Microsoft issues fix for XML flaw targeted in zero-day attacks
Microsoft’s latest Patch Tuesday update includes a partial fix for a vulnerability in XML Core Services that is being actively exploited in zero-day attacks.
That vulnerability, the subject of one of three “critical” fixes among the 16 the company issued, has been identified in attacks in Europe and against the aerospace industry since Microsoft first warned of the flaw June 12. The exploit is spread through phishing attacks and allows remote code execution if users are lured to a malicious website run by the attackers.
The vulnerability exists in versions 3.0, 4.0, 5.0 and 6.0 of XML Core Services and affects Internet Explorer in all supported versions of Windows -- XP, Vista, Windows 7 and Windows Server 2008 -- as well as all versions of Office 2003 and 2007.
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The fix issued Tuesday covers versions 3.0, 4.0 and 6.0 but not 5.0, which security experts said they expect to be delivered later. To date, the exploits have occurred in version 3.0, Andrew Storms, director of security operations at nCircle, told eWeek.
The other two critical fixes also address vulnerabilities that could allow remote code execution, although no exploits of them have been reported. One of the vulnerabilities is in Internet Explorer 9, the other in Microsoft Data Access Components.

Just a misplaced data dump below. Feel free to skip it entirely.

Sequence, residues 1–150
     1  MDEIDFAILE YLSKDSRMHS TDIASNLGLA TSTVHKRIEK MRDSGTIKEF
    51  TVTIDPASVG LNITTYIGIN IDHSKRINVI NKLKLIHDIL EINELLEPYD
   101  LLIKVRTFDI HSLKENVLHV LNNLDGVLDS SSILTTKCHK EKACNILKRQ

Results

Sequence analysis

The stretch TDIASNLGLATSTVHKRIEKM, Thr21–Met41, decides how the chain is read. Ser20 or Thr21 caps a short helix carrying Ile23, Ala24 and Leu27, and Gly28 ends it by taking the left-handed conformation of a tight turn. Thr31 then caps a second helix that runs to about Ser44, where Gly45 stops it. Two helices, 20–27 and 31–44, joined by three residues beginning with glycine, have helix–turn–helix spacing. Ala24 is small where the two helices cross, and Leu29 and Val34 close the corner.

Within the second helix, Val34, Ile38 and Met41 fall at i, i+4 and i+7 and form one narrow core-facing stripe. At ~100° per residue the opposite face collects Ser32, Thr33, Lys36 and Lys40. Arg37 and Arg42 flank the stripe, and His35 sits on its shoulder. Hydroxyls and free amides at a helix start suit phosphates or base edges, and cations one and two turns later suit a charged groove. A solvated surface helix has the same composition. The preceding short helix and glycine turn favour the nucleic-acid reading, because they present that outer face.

The flaw in XML Core Services, also known as MSXML, was reported to Microsoft by Google on May 30, and the two companies began working on it together. Google shortly after launched a service that would warn its users if they were possible victims of state-sponsored attacks, a move reportedly in response to MSXML exploits.
When Microsoft issued its June 12 warning, the company said the vulnerability was being exploited but didn’t offer specifics. Security company Sophos later said it was exploited in recent attacks against an aeronautical parts supplier and a medical company, both in Europe. And in early July, Alienvault Labs reported finding the exploit being used with a new variant of the Sykipot Trojan in attacks targeting the aerospace industry and others.
Microsoft had directed users to a Fix-it workaround for mitigating the vulnerability but had not until now worked up an automated fix.